The U.S. has some nice players on the roster: Chad Allen, Kris Benson, Robert Dickey, Troy Glaus, Chad Green, Seth Greisinger, Kip Harkrider, Andrew Hinch, Jacque Jones, Billy Koch, Mark Kotsay, Matthew LeCroy, Travis Lee, Braden Looper, Brian Lloyd, Warren Morris, Octavio Ojeda, Jim Parque, Jeff Weaver, Jason Williams.
A nice team, but no match for the Cubans who again take the gold beating Japan 13-9. The U.S. gets the bronze with a 10-3 win over Nicaragua.
Sydney – 2000. Cuba had won 21 straight games in Olympic competition since 1992 before the Netherlands ambushed them 4-2 in the round-robin round. Later in the round Cuba beat the U.S. 6-1. But in the showdown for the gold Ben Sheets fired a three-hit shutout in a 4-0 U.S. win to end the Cuban Olympic dynasty. U.S. manager Tommy Lasorda called it “the greatest moment of my life.”
Here is the roster of the U.S. 2000 Olympic baseball champions: Pitchers- Kurt Ainsworth, Ryan Franklin, Chris George, Shane Heams, Rick Krivda, Roy Ostwalt, Jon Rauch, Bobby Seay, Ben Sheets, Todd Williams, Tim Young. Catchers – Pat Borders, Marcus Jensen, Mike Kinkade. Infielders – Brent Abernathy, Sean Burroughs, John Cotton, Gookie Dawkins, Adam Everett, Doug Mientkiewicz. Outfielders – Mike Neill, Anthony Sanders, Brad Wilkerson, Ernie Young.
Athens – 2004. The roster for the defending Olympic gold medal baseball team:
Pitchers – Brian Bruney, Jesse Crain, Justin Duchscherer, J.D. Durbin, John Grabow, Ryan Madson, Horacio Ramirez, Royce Ring, Jason Stanford, John Van Benschoten, Todd Williams. Catchers – Gerald Laird, Joe Mauer. Infielders – Chris Burke, J.J. Hardy, Graham Koonce, Mike Lamb, Justin Leone, Mike Rouse. Outfielders – Gabe Gross, Matt Holliday, Jeremy Reed, Grady Sizemore.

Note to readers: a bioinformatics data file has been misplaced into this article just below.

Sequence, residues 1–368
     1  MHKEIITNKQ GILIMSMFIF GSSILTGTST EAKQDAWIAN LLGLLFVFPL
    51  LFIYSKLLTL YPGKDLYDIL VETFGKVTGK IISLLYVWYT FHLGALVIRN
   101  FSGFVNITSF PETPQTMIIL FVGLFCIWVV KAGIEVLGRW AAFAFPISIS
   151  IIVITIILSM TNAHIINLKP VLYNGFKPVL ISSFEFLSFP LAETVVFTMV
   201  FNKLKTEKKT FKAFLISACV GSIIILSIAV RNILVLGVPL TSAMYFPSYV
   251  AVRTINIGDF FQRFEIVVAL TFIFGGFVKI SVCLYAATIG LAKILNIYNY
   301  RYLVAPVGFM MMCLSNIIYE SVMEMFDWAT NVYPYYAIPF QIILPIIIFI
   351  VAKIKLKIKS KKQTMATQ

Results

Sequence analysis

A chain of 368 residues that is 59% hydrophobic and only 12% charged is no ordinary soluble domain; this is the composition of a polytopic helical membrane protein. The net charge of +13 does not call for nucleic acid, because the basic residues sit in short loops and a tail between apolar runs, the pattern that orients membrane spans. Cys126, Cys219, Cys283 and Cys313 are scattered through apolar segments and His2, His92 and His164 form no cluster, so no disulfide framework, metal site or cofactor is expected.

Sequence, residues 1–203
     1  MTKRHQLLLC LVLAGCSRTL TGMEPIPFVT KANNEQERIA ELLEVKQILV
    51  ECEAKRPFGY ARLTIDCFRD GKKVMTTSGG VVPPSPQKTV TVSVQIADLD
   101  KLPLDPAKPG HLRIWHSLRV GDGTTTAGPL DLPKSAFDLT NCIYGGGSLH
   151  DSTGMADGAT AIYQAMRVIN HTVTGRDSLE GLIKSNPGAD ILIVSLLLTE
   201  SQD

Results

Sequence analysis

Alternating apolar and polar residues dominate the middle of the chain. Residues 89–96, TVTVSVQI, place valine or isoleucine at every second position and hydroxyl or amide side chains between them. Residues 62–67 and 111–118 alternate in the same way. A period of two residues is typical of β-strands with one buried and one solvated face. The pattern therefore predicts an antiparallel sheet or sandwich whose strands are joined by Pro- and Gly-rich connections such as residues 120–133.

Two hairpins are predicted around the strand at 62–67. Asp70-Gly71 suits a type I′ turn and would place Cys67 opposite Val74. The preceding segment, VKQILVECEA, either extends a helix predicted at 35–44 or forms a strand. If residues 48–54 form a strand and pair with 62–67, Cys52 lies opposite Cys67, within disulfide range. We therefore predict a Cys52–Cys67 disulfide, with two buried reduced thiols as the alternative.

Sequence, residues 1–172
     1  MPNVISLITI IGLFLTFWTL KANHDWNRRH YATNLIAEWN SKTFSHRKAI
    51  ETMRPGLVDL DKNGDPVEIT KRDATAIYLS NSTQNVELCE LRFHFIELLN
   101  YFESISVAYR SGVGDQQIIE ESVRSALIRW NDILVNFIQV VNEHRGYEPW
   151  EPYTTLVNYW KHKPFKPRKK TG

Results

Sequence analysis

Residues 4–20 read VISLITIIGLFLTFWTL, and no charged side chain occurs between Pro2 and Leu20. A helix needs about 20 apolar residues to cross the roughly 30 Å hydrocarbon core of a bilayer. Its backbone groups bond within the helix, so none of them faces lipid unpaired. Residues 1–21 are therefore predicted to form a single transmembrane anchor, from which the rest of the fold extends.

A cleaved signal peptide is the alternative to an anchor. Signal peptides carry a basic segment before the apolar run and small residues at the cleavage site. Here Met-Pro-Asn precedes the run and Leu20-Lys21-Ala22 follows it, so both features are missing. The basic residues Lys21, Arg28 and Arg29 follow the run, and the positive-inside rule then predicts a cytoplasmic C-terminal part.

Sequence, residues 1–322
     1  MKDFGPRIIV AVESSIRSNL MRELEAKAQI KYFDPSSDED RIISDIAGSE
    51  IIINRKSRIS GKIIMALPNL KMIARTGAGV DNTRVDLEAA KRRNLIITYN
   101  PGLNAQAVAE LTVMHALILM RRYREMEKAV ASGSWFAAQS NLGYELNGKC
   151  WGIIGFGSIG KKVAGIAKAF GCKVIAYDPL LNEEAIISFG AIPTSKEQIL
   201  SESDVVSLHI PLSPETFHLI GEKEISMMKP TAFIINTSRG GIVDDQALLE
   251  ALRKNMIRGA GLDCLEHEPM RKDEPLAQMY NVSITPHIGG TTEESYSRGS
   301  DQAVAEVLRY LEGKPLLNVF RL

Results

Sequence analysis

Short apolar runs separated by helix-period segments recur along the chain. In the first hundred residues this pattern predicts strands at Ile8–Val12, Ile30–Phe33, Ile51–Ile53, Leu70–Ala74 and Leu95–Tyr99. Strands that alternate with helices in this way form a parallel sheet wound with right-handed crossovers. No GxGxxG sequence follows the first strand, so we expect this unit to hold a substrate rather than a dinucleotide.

by Eric Edwards

November 8, 2003 Panama City, Panama – The Olympic baseball champions will
not get a chance to defend their title. Former big league pitcher Rigo Beltran and two relievers shut down Team USA’s offense, and Luis A. Garcia (Indians) hit a tiebreaking home run in the ninth inning as Mexico pulled off the shock of the Olympic qualifier Friday, eliminating Team USA from the tournament 2-1.

USA manager Frank Robinson said, “That was a very well pitched game, a great relief job turned in. They exploited our weakness, which is hitting off speed stuff.”
Yes but Frank, why did you give up Joe Mauer to a sacrifice bunt with the tieing run at second and the winning run at first in the bottom of the ninth?
Joe Mauer is six feet four inches tall, 220 pounds, with a cobra-quick lefthanded stroke. Mauer was Minor League Player of the Year in 2003 and here in July, 2004 he is batting .340 out of the cleanup spot for the AL Central leading Minnesota Twins.
But that’s just second guessing. Right, Robbie?
“I can’t believe it,” said Tommy Lasorda.
Believe it, Tommy. The 2004 Olympic Baseball Tournament will open August 15 at the Hellinikon Olympic Complex in Athens, Greece. The gold medal game is scheduled for August 25. Eight teams will compete – Japan, Chinese Taipei, Cuba, Canada, Greece, the Netherlands, Italy, and Australia. Tickets can be ordered online, $250 each.
There is hope that the 2012 Olympic Baseball Tournament will be held at Yankee Stadium in New York. It is also hoped by Tommy Lasorda that Team USA will qualify.

Replies: 1 Comment

brain lock...major league managers managing players they don't know much about...tactics don't always work even in the bigs...odds diminish as the skill level drops...

Posted by ~jaybird~ @ 07/09/2004 03:48 PM EST